Bertolt Brecht wrote The Resistible Rise of Arturo Ui in 1941, having left Germany eight years earlier, but the play was not produced until 1958, two years after his death. Introducing the show on Lantern Theater’s opening night, director Charles McMahon said he fell in love with it nearly 30 years ago, though only now was he finally getting to it. Indeed, productions more generally, while not exactly rare, are less frequent than those for a handful of other Brecht works, including Threepenny Opera and Mother Courage and Her Children.
It’s easy to understand both the enthusiasm and the reticence. Even trying to describe Arturo Ui is daunting, but here goes…
It’s a dark satire about gangland Chicago in the 1930s that’s also a parodic riff on Shakespeare, with some but not all of it written in verse. As the timeline of its writing suggests, it’s also specifically a parable about the Nazi ascent to power, with Arturo, the ruthless, morally bankrupt but charismatic title character, serving as a doppelganger for Hitler. Various supporting characters stand in for Göring, Goebbels, and others.
If that’s not complicated enough, Brecht—who was both a playwright and a theoretician—created Arturo Ui also as a vehicle for his conception of Epic Theater. At the risk of oversimplifying a complicated and very sophisticated ideology, I’ll simply say that Brecht prescribes a highly stylized departure from naturalism in support of his famous “alienation effect:” to have an audience consider a play from an intellectual, rather than emotional, viewpoint.
McMahon’s high-energy but inconsistent production realizes some of these values better than others. In the first act especially, the show is most at home as a snappy gangland parody (I thought repeatedly of Brian DePalma’s The Untouchables). It’s very snazzily staged and designed (scenery by Nick Embree, costumes by Natalia de la Torre, lights by Drew Billau, sound by Christopher Colucci), and taken on its own terms, often enjoyable. There are especially good character turns by Brian Anthony Wilson, Frank X, and Charlie DelMarcelle.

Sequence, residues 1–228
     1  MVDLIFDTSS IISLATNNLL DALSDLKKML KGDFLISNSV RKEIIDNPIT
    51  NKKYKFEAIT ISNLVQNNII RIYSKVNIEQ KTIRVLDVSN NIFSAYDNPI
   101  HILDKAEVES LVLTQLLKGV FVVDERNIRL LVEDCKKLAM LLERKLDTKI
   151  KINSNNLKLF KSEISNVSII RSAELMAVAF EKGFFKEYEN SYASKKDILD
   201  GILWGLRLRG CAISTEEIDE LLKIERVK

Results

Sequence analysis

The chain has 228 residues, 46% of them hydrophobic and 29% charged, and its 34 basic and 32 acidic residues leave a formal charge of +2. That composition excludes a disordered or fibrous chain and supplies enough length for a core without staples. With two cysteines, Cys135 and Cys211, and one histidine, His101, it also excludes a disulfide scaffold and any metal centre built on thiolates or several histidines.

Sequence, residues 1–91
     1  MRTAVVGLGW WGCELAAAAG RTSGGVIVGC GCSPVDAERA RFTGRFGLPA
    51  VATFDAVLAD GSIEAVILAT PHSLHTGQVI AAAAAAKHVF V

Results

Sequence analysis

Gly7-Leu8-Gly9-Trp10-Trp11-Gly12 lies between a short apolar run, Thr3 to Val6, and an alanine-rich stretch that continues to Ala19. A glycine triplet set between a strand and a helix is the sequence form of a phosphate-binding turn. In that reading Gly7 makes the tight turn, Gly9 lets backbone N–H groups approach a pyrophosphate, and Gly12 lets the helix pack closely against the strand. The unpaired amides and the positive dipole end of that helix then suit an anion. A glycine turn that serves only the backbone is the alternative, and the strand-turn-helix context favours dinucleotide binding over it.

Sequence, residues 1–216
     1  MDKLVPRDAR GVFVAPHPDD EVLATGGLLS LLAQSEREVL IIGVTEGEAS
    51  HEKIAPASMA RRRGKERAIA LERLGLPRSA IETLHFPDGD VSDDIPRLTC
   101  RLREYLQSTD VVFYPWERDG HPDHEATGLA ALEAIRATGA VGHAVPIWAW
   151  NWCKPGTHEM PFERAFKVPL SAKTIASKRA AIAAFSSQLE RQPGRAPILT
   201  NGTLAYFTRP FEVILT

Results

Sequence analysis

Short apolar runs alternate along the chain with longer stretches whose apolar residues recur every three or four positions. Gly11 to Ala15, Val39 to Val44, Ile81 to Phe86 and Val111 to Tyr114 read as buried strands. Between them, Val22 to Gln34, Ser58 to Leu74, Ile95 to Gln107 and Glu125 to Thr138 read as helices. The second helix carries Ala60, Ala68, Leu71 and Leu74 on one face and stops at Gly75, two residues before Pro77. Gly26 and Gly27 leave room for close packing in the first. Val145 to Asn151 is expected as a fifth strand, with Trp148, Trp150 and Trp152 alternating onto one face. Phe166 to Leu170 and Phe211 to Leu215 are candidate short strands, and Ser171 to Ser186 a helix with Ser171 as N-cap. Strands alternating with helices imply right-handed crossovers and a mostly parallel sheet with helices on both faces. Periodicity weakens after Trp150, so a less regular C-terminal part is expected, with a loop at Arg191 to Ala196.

But what stands in for Brecht’s epic style is largely a cranked-up version of gangster movie acting in the style of Edward G. Robinson, James Cagney, and others. Again, it’s fun on its own terms—but the result is virtually the reverse of Brecht’s intent: instead of pushing us away, it pulls us in; for better and worse, we’re charmed rather than alienated. Alongside all this, the crucial sense of the play as a parable for the rise of Hitler fades into the background.
As Arturo himself, the marvelous actor Anthony Lawton does best at treading the Brechtian fine line, with moments of real menace rising startlingly from the humor—I just wish there were more of them.
And indeed, the second act finds firmer ground—the play is taken more seriously, several performances come fully into their own (notably Mary Lee Bednarek, very compelling as Betty Dullfeet), and in the riveting last moments, the analogy to the Third Reich is finally and shatteringly clear.
In all, a sometimes rewarding but often winding road, and frankly some of the problem lies with Brecht himself. In his best work—the aforementioned Threepenny Opera and Mother Courage—his Epic Theatre principles are translated vividly into drama.
But Arturo Ui is itself bumpy, with brilliant ideas too often over-extended, and the satire ranging from ice-pick sharp to blunt. As so often with theory and practice, it’s a less than perfect marriage.
The Resistible Rise of Arturo Ui plays through October 13th. For more information, visit the Lantern Theater Company website.
Categories: Criticism, Philadelphia, Theater
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